The photograph itself didn’t anger Duarte, but rather Espinosa’s whole work to discover the corruption and violence linked to his term. But this issue put Duarte in the center of the stage, and thus questions about Veracruz’s “Lawless State” began to float. He, naturally, didn’t like being known for this, and thus started to harass most of Veracruz reporters, Espinosa mostly, provoking in this last one’s a deep fear for his life that made him flee to Mexico City.
Espinosa had to rearrange his life to flee from some unwanted espionage and life with the lowest profile possible. And everything seemed alright…
…But what differenced Espinosa from guys like Assange, Snowden and Manning is that they’re still alive.
Espinosa was found tortured and dead, alongside four other women, some few days ago in Colonia Narvarte, just in their apartment.
Shamelessly, the local authorities have declared this as a “robbery” murder, as if robberies usually end up with two activists dead and four women massacred and tied on a bed. Even our favourite governor have declared to be “outraged” because of this incident, even though his government has been known for its lack of protection to reporters and for his rather polemical “advice” on the reporters who went to interview him about his murder…
…Seriously, would you feel calm after he quietly told you, a reporter, “Please, behave, I beg you. It’s for your own good”.
Your own good. Your…own…good…
I’ll let it sink in your mind…
But no, no. I won’t accuse anybody. I won’t. I recently learned that it’s not a good idea to give away names and accuse people that freely. It’s a sensationalist tactic and not a good idea, in the end. Besides, Espinosa was killed not by a man, but by something greater, bigger, a grotesque monster that has been killing poor Mexico for many years.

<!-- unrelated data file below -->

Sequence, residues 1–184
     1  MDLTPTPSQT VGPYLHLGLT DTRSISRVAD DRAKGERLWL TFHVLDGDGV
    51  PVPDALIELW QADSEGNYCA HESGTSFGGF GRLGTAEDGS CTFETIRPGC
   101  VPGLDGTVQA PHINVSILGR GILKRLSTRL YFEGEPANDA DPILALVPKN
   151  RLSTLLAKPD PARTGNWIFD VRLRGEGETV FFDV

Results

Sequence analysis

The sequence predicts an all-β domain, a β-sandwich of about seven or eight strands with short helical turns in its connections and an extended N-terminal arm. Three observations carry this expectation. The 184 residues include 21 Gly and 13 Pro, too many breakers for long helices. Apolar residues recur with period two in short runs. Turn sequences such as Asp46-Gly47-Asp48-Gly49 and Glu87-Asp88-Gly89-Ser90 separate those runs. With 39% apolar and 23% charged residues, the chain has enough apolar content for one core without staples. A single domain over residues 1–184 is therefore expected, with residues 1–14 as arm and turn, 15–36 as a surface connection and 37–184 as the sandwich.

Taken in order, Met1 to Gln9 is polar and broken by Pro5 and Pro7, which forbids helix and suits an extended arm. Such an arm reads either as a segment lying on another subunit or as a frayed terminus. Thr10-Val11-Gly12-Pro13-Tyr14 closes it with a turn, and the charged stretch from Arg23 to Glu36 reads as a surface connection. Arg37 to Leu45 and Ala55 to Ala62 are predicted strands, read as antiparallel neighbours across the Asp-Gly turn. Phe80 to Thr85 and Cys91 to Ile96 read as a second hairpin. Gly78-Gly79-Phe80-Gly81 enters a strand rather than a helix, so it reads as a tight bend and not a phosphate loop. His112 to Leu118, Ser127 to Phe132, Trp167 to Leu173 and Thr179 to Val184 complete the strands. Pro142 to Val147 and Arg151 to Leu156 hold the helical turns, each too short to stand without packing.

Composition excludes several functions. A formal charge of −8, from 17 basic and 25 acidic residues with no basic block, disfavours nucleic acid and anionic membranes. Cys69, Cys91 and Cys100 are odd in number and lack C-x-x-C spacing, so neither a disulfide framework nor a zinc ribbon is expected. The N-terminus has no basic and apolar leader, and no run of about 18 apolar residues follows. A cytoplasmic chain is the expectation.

Corruption. Globalization. Dehumanization. A whole campaign to anesthetize you and make you more docile to a greater monster that controls this huge reptile puppet that’s controlling Mexico.
That was what killed Espinosa. That monster, with a human as a weapon.
About the women…
One thing that has also angered most Mexican women is the lack of coverage towards the murdered women, as they suffered something worse than Espinosa.
They were raped.
Aside of torture, signs of sexual damage were found in their bodies, making them an almost—almost—separate crime, and yet a most common one in Mexico. Feminicide.
Espinosa was killed because of political issues. One of the female victims, Nadia Vera, surely as well. But the other women…? Not much of them is known, and some weren’t that close to Espinosa, so why were they tortured this way…? This is a different kind of crime. This is pure misogyny.
Pure, Mexican-style misogyny.